illustration of change--its effects on the changer and the changee!

Here are some of the things I’ve learned about change.

  • Change is very disruptive.  Observe the photo.  Imagine how disruptive that sidewalk (that is half finished) was to the roots of the tree!  To say nothing of the pain to the tree.
  • Change is costly, but not as costly as NOT changing.
  • Change takes time and usually involves a process.  It is rarely instant.
  • Change is almost always messy.  Expect it, plan on it, embrace it…and the messy people around you.  A lack of messiness might indicate stagnation or apathy.  I didn’t think much about this until I was looking closely at the photograph.  It reminded me that the messiness that comes with change is a major part of what we don’t like about it.
  • In theory, at least, we all want order and some predictability in our personal lives.  This is true particularly in relation to our spouses, children and the people around us.  The reality of this dream is not nearly as desirable.  We need a little unpredictability, some spice in our lives.  We need some color to give some pop to the everyday beige.  In many respects, that is what happens when God brings change to our lives.  We don’t always appreciate it at the time, but eventually we do.  For those of you who have lived awhile, think of the moves you have made for a job.  Not all were exciting, some were downright difficult!  But when you look back on them, wouldn’t you say that many of the them, even if difficult, were good because of what you learned, or the deepening of a relationship that came as a result?
  • How has God used change in your life to grow you?  I love comments.

The good news:  Jesus Christ is the same yesterday, today and forever. Hebrews 13:8.

His divine power has granted to us all things that pertain to life and godliness, through the knowledge of him who called us to his own glory and excellence, by which he has granted to us his precious and very great promises, so that through them you may become partakers of the divine nature… II Peter 1:3-4



“If my people who are called by my name will humble themselves,

and pray  and seek my face and turn from their wicked ways,

then will I hear from heaven and will forgive their sin

and heal their land.  II Chronicles 7:14


In the last week, I’ve had a few visits with my neighbor.  Since I’m going to tell you about her, I won’t tell you where she lives.   J.  is a delightful person.  She moved in about 15 years ago. Moving half way across the country with six of her eight children after a failed marriage with no local relatives was no small feat.  She is at least gutsy.  A trait I’ve always admired in women! 

During those years, we rarely saw each other longer than just to say “Hi” or “Bye” in passing on our way to or from work.  At the time, her house was teeming with teens all the way down to elementary aged children…and oh yes, a dog.  Mine was almost empty.  Sadly, I was always “too busy” to go out of my way to be a good neighbor.  I usually learned about her life after the fact.  We sometimes bumped into each other at neighborhood garage sales when we would chat a bit and I would determine to get to know her better.  It rarely happened.

Recently, her last child finished college.  Yes, they all went through college.  Many completed graduate school as well.  It required many long hours of work for her in what I consider to be an interesting job but one that was quite demanding in light of the size of her family and that she was alone to deal with all their problems.  I learned a few years ago, for example that her father came to live with her when he became older and debilitated.  Soon he was at the point where he was dying and she was the one taking care of him…and oh yes,  WORKING full-time.  I had no idea this was happening of course.  I, her neighbor was totally and completely clueless! (Part of the time I was out-of-town, but still…)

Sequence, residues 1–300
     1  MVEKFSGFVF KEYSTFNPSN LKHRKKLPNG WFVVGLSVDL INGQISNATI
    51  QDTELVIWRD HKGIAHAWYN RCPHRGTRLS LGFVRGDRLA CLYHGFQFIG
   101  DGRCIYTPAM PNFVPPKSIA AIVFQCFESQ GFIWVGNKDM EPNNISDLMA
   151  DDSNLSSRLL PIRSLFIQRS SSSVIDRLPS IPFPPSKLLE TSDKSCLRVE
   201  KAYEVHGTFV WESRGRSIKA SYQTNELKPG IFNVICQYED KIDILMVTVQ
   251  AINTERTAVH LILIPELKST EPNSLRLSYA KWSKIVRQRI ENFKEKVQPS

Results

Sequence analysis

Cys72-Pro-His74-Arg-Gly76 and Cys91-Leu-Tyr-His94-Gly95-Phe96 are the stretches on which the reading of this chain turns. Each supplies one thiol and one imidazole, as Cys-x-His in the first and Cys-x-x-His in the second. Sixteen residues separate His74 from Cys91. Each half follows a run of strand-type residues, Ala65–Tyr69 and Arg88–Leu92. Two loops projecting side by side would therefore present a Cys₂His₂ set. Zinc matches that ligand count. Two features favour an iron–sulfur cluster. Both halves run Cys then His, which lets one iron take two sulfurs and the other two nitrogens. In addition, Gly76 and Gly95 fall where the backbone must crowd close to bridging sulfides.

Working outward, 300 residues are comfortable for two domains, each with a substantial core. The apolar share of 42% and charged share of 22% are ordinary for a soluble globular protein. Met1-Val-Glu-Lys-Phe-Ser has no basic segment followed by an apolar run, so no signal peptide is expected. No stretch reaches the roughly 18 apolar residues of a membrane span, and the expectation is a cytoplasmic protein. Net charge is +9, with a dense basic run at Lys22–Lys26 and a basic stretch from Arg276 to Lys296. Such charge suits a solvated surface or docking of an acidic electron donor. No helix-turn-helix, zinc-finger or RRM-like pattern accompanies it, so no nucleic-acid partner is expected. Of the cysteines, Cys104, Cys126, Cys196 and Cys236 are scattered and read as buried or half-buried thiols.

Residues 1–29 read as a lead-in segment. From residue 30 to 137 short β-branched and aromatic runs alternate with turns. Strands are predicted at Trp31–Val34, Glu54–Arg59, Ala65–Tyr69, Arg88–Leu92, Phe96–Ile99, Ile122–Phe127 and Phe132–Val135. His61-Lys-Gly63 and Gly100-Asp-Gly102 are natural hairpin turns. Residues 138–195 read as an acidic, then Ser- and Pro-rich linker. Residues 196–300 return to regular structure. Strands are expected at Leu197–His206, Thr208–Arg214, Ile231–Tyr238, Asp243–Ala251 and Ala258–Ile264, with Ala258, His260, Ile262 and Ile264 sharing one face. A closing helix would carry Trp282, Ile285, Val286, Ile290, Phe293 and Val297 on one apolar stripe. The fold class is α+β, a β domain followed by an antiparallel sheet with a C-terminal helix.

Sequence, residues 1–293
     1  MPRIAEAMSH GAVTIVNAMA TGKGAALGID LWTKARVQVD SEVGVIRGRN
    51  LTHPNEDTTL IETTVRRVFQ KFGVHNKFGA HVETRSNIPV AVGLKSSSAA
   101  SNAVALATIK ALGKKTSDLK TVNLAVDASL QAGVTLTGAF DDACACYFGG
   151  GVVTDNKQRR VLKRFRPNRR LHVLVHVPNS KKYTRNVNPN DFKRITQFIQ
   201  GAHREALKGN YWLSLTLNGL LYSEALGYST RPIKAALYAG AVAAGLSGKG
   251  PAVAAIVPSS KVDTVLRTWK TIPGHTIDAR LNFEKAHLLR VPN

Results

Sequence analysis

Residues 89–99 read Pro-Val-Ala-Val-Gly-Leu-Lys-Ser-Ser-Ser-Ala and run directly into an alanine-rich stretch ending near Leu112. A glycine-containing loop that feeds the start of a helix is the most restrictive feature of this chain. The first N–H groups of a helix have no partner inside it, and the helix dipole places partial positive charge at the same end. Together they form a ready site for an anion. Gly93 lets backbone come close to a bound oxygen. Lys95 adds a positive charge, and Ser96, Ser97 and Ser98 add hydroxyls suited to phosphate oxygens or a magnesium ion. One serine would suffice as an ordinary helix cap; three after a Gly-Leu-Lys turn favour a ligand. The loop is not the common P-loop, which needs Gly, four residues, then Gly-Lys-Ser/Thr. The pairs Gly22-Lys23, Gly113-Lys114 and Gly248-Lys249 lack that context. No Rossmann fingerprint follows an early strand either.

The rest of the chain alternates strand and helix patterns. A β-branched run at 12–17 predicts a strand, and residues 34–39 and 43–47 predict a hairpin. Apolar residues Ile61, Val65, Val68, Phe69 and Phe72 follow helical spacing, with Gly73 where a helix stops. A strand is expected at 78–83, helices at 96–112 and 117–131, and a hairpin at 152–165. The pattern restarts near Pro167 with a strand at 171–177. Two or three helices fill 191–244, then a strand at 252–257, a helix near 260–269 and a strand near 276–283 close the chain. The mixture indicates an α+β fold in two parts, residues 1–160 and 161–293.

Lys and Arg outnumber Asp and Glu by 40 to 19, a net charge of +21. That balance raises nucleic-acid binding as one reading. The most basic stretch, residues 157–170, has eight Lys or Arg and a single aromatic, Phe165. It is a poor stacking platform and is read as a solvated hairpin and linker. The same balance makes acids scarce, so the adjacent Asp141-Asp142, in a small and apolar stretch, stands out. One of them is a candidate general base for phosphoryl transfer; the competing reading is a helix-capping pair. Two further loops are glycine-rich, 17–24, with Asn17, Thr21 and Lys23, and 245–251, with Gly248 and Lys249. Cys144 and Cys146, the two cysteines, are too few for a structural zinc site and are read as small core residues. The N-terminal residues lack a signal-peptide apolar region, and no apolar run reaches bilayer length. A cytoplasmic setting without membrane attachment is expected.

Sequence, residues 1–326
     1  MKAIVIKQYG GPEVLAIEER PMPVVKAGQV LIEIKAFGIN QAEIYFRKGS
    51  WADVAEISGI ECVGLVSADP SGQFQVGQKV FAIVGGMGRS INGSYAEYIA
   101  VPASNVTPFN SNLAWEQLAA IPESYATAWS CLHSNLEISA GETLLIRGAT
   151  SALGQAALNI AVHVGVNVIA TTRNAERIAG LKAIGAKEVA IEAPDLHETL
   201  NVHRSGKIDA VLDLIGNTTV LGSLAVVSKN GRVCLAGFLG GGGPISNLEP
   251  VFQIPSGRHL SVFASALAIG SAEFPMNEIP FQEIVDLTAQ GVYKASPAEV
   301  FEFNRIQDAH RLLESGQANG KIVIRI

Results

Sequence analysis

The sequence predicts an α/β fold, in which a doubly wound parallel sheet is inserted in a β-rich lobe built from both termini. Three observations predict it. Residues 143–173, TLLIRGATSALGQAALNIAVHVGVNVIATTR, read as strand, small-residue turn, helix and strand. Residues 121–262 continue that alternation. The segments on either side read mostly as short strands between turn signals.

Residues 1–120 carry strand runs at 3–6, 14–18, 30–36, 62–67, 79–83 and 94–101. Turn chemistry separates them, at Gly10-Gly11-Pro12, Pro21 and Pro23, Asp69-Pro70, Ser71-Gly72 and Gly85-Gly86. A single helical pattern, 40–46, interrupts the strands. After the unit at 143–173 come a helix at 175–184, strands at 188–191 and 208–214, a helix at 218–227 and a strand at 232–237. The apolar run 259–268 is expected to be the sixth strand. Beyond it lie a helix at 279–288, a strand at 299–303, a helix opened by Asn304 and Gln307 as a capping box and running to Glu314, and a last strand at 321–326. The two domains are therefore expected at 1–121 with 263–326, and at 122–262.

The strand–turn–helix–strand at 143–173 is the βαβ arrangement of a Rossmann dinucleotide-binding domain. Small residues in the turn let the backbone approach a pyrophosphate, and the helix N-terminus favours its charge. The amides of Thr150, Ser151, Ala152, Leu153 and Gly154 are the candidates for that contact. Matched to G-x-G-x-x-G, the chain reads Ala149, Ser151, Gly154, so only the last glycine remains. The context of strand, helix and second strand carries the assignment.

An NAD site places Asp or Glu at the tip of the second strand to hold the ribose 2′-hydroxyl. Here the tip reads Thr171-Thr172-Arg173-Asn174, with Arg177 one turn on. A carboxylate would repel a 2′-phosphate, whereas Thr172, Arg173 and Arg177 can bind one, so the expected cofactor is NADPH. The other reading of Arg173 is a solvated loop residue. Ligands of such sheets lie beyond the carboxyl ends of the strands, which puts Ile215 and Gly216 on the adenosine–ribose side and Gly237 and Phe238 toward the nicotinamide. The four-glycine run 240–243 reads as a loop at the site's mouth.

In the paradigm of my youth, I would have been beating myself up because I didn’t spend enough time “witnessing” to her.  I do regret that,  even though I know she attends a good church and could well be a believer.  When we chatted last week and she spoke of the difficulties she was facing when she moved here, I realized that I had no idea at the time.  I was TOO BUSY! 

 Even more, I realized, that I was the one who missed out!  I missed out on the joy of ministry to another person…outside my comfort zone.  I missed out on a great friendship.  Here is a woman who is as down-to-earth as you will ever find.  She is a hard-working person who is very intelligent with a great sense of humor (developed by years of raising children no doubt!)  She loves to read.  Her house is teeming with books.  (My kind of person!)  She has still found time in the middle of a busy career, family, and demands of life to go on a mission trip as well as minister to the needy locally (in her job).  This is a woman of about my age that would have been a delightful friend.  Despite my efforts to slow down my life, I was too busy to minister to a person very near to me…my neighbor.

13For you were called to freedom, brothers. Only do not use your freedom as an opportunity for the flesh, but through love serve one another. 14For the whole law is fulfilled in one word: “You shall love your neighbor as yourself.” … 16But I say, walk by the Spirit, and you will not gratify the desires of the flesh.   Galatians 5:13-16


Tuesday morning shortly after I woke up, I started pruning my Knock-Out roses.  I don’t know if you know much about Knock-Out roses but they are the ultimate in easy-care roses here in East Texas.  This is the “Rose Capital of the World” (Wikipedia) mainly because we have great acid soil that roses adore!  (We produce 20% of the US supply of rose bushes.)  In our community, Knock-Out roses grace many of our highway medians, mall entrances and  spots that want a pretty, low maintenance frontage.   Normally these roses need little pruning or spraying which sets them apart from their more familiar counterparts.  I think they get their name from the fact that they KNOCK themselves OUT by blooming prolifically unless it is freezing.  They thrive in our hot, humid summers that seem interminable.